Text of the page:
Woody Ornamentals

Showing 49–52 of 58 results

  • Ribes aureum syn. Ribes odoratum Clove currant Z 3-8

    yellow flowers smother the shrub

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    Early to mid spring yellow flowers smother the shrub, giving off the most sweet, clove-scented fragrance – heavenly.  Ships only in spring.

    Size: 6' x 6'
    Care: full sun in moist well-drained to well-drained soil. Immune to Walnut toxins.
    Native: west-central US
    Wildlife Value: attracts hummingbirds and butterflies.

    Found by Meriwether Lewis in 2 locations -“near the narrows of the Columbia.” April 16, 1806, now Klickitat County, Washington, and on July 29, 1805 in Montana.  Many different tribes ate the berries – Blackfoot, Cheyenne, Klamath, Montana, Paiute & Ute.  Others, Shoshone and Paiute, used the shrub’s inner bark to heal sores and swellings.  English plantsman Wm. Robinson declared that it “deserves to be more commonly grown.” (1933)

    **LISTED AS OUT OF STOCK BECAUSE WE DO NOT SHIP THIS ITEM.  IT IS AVAILABLE FOR PURCHASE AT OUR RETAIL LOCATION.

  • Rosa rubrifolia syn. Rosa glauca Z 3-9

    Medium pink single blooms in spring. Purplish foliage bearing red-purple hips in autumn.

    $16.95/ONLY AVAILABLE ON SITE @ NURSERY

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    Medium pink single blooms in spring. Purplish foliage bearing red-purple hips in autumn.

    Size: 7’ x 4’
    Care: Full sun to part shade in moist well-drained soil. Disease resistant.
    Native: Central Europe
    Awards: Plant Select; Elisabeth Carey Miller Botanical Garden Great Plant Pick & Great Plants for Great Plains; Royal Botanical Society Award of Garden Merit

    In garden cultivation since 1830

    **LISTED AS OUT OF STOCK BECAUSE WE DO NOT SHIP THIS ITEM.  IT IS AVAILABLE FOR PURCHASE AT OUR RETAIL LOCATION.

  • Rubus odoratus Flowering raspberry Z 2-8

    Purple-pink saucer shaped flowers all summer

    $15.95/bareroot

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    Purple-pink saucer shaped flowers from June to October.  Rarely seen shrub.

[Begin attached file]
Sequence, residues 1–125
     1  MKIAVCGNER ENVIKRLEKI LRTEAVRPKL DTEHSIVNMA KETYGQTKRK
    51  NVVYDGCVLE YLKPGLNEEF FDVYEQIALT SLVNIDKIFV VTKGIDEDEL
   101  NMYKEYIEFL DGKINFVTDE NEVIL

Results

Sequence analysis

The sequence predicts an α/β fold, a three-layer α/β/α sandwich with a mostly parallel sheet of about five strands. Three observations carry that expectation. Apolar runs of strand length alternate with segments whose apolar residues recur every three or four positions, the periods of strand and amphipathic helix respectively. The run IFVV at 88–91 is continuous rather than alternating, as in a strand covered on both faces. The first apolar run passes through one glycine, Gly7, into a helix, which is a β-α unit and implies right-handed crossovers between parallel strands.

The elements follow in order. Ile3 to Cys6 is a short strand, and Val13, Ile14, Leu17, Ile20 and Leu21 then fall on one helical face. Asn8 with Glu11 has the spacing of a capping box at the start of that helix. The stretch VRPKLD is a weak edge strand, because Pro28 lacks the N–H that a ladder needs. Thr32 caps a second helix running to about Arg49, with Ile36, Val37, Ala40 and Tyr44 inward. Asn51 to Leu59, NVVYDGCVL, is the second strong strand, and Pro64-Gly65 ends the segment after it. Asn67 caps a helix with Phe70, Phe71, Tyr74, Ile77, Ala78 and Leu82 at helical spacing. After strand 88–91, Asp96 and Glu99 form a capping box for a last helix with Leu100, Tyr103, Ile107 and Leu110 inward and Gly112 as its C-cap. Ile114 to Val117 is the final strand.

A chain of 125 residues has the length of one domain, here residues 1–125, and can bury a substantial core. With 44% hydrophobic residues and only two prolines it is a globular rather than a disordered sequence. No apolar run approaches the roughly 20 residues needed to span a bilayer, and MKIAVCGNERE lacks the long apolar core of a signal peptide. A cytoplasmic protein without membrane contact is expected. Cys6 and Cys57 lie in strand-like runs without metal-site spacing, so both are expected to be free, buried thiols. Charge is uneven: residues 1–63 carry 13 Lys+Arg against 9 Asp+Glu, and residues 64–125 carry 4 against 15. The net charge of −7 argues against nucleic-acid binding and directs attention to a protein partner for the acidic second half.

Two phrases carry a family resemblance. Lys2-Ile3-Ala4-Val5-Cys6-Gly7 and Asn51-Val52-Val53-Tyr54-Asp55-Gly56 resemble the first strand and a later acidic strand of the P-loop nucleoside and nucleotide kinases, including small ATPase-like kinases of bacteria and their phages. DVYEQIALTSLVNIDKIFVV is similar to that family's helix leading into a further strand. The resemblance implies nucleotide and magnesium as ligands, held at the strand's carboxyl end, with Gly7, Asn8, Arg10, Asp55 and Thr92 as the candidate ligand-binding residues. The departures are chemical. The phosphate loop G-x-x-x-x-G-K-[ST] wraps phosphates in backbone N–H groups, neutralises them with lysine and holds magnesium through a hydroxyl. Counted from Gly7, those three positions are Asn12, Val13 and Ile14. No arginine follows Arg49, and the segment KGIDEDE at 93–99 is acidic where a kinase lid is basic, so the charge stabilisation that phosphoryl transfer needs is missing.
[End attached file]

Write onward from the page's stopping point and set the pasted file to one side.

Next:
Size: 7-8' x 8'
    Care: full sun to part shade in moist well-drained to well-drained soil. Drought tolerant. Immune to Walnut toxins.
    Native: Eastern North America

    For sale in an English catalog in 1730. William Robinson praised the flowering raspberry as bearing  “large clusters of rich purple flowers. Bearing scented leaves, the leaves and not the flowers being fragrant.”

  • Salix discolor Pussy willow Z 4-8

    Grown for its fuzzy catkins appearing in late winter before the leaves emerge

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    OUT OF STOCK

    Grown for its fuzzy catkins appearing in late winter before the leaves emerge

    Size: 15-20’ x 12-15’
    Care: full sun, prefers moist soil but tolerates well-drained soil
    Native: E. No. America incl. WI
    Wildlife Value: Important food source for many pollinator bees incl. honey bees. Pussy willows attract queens looking for a location for a new colony. Host to caterpillars of cecropia moth and red-spotted purple, tiger swallowtail & viceroy butterflies.

    The name Salix is from “salio” meaning “to leap or dance, because of its quick growth.” Gardeners Dictionary, 1768. This species introduced to cultivation by German plant hunter Gotthilf Henry Ernest Muhlenberg in late 1700’s-early 1800’s. Willows contain salicin, the pain-killer in aspirin, and used since ancient Greece to relieve pain.